U.S. trade agreements and national security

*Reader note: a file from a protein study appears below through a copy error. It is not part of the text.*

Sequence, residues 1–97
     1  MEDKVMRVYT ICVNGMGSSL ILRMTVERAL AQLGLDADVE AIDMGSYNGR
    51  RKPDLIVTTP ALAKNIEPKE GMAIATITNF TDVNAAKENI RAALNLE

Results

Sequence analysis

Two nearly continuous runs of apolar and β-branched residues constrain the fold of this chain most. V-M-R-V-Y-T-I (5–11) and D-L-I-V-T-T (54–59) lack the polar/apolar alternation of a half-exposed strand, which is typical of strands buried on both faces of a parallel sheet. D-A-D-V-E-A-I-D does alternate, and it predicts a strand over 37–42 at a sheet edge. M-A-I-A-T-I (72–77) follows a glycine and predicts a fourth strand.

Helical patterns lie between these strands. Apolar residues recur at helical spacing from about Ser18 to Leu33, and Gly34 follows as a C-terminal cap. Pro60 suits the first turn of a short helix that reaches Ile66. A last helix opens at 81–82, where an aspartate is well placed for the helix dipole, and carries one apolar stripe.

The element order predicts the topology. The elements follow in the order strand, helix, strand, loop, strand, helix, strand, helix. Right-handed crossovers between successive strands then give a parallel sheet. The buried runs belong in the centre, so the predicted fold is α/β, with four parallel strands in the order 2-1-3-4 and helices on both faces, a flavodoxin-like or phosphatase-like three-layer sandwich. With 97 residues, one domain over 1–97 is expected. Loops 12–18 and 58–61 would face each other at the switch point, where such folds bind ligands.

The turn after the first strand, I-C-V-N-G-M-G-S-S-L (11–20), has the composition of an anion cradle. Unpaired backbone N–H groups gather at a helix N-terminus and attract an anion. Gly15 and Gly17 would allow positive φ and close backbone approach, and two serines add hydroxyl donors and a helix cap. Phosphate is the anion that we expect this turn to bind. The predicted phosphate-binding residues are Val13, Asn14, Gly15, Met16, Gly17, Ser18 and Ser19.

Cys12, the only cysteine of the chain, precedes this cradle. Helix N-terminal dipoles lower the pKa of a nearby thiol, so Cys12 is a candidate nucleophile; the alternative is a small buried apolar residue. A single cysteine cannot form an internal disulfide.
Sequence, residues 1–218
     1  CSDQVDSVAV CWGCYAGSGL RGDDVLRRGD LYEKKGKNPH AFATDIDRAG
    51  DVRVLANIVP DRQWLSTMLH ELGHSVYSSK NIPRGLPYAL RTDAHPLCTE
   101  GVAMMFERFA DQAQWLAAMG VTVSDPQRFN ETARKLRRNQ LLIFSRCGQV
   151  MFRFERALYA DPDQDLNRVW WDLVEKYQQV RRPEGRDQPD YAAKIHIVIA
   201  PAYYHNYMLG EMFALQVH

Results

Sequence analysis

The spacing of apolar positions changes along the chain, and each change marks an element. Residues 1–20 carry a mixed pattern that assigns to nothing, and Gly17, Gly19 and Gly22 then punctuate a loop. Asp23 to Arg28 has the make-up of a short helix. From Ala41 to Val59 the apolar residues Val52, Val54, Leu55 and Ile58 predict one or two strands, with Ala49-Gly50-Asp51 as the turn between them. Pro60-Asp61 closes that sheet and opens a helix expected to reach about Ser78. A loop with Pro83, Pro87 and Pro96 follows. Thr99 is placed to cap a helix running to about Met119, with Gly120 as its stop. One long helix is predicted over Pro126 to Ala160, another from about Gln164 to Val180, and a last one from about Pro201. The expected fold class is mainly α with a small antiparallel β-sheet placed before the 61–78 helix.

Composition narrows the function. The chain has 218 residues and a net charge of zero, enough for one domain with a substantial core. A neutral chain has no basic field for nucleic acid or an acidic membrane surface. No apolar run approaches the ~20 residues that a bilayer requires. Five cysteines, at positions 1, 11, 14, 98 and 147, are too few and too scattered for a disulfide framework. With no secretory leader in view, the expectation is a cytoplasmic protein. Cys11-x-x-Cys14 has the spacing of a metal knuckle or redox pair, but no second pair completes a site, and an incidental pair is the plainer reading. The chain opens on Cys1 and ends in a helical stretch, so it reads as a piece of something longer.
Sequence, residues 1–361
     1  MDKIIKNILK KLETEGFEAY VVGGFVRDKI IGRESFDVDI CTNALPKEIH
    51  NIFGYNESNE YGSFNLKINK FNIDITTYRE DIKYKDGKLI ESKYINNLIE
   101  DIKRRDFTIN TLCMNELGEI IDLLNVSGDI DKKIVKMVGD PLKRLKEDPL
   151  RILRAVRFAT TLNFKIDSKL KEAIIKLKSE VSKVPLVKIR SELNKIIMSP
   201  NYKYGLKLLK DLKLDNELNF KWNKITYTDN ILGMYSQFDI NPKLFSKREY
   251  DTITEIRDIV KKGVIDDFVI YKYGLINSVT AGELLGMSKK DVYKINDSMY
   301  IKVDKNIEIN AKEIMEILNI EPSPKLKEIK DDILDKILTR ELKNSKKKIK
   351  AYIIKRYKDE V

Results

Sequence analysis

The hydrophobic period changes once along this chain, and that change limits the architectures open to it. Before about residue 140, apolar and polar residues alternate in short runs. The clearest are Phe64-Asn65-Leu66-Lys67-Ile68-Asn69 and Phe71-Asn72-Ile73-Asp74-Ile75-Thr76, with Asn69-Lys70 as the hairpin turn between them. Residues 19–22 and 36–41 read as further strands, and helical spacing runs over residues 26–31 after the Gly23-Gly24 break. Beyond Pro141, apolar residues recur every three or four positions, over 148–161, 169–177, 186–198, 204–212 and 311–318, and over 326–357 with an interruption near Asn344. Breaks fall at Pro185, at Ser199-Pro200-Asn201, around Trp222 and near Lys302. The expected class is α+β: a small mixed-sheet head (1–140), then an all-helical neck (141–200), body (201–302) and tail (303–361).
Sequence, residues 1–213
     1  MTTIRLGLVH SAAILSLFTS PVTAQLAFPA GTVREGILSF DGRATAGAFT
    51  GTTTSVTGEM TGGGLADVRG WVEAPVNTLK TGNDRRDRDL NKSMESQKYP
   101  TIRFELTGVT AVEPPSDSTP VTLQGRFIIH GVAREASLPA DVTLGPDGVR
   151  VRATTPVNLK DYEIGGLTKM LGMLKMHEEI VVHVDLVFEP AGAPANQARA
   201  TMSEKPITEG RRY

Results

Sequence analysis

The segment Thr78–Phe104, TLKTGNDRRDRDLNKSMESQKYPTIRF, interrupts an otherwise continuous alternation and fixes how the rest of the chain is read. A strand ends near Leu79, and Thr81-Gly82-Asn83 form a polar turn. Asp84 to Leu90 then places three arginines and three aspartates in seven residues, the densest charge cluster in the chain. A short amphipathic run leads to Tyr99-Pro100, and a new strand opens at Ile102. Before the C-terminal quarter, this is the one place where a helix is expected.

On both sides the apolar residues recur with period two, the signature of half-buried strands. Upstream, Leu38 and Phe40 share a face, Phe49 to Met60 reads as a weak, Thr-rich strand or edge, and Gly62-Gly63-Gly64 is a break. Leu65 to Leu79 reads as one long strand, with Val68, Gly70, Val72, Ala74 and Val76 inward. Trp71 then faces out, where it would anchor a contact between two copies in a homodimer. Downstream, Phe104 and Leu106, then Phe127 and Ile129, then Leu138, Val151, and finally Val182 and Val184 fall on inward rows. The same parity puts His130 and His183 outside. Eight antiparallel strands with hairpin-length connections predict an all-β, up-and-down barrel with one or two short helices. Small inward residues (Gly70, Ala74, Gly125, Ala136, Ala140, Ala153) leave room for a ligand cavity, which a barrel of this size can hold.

The United States has long employed economic policies to promote its influence and presence abroad. In this sentiment, trade is a key strategy for economic power abroad and to manage potentially important relationships on a bilateral or regional basis. Which countries hold agreements with the United States does not align with top economic performing nations. This group of countries suggests that the United States positions its trade policy around factors other than economic performance. This thesis concerns itself with the use of U.S. Free Trade Agreements (FTA) and Bilateral Investment Treaties (BIT) in respect to major national security concerns abroad. My research uses regression analysis to evaluate the relationship between the allocation of U.S. troops and military aid abroad with the status of U.S. trade agreements bilaterally. This research suggests that the United States has used trade as an economic tool to promote its national security interests, prior to the 21st century. With changes in U.S. foreign policy in the 21st century and shifting sentiments around free trade, dependence on trade as a tool of U.S. strategy weakened.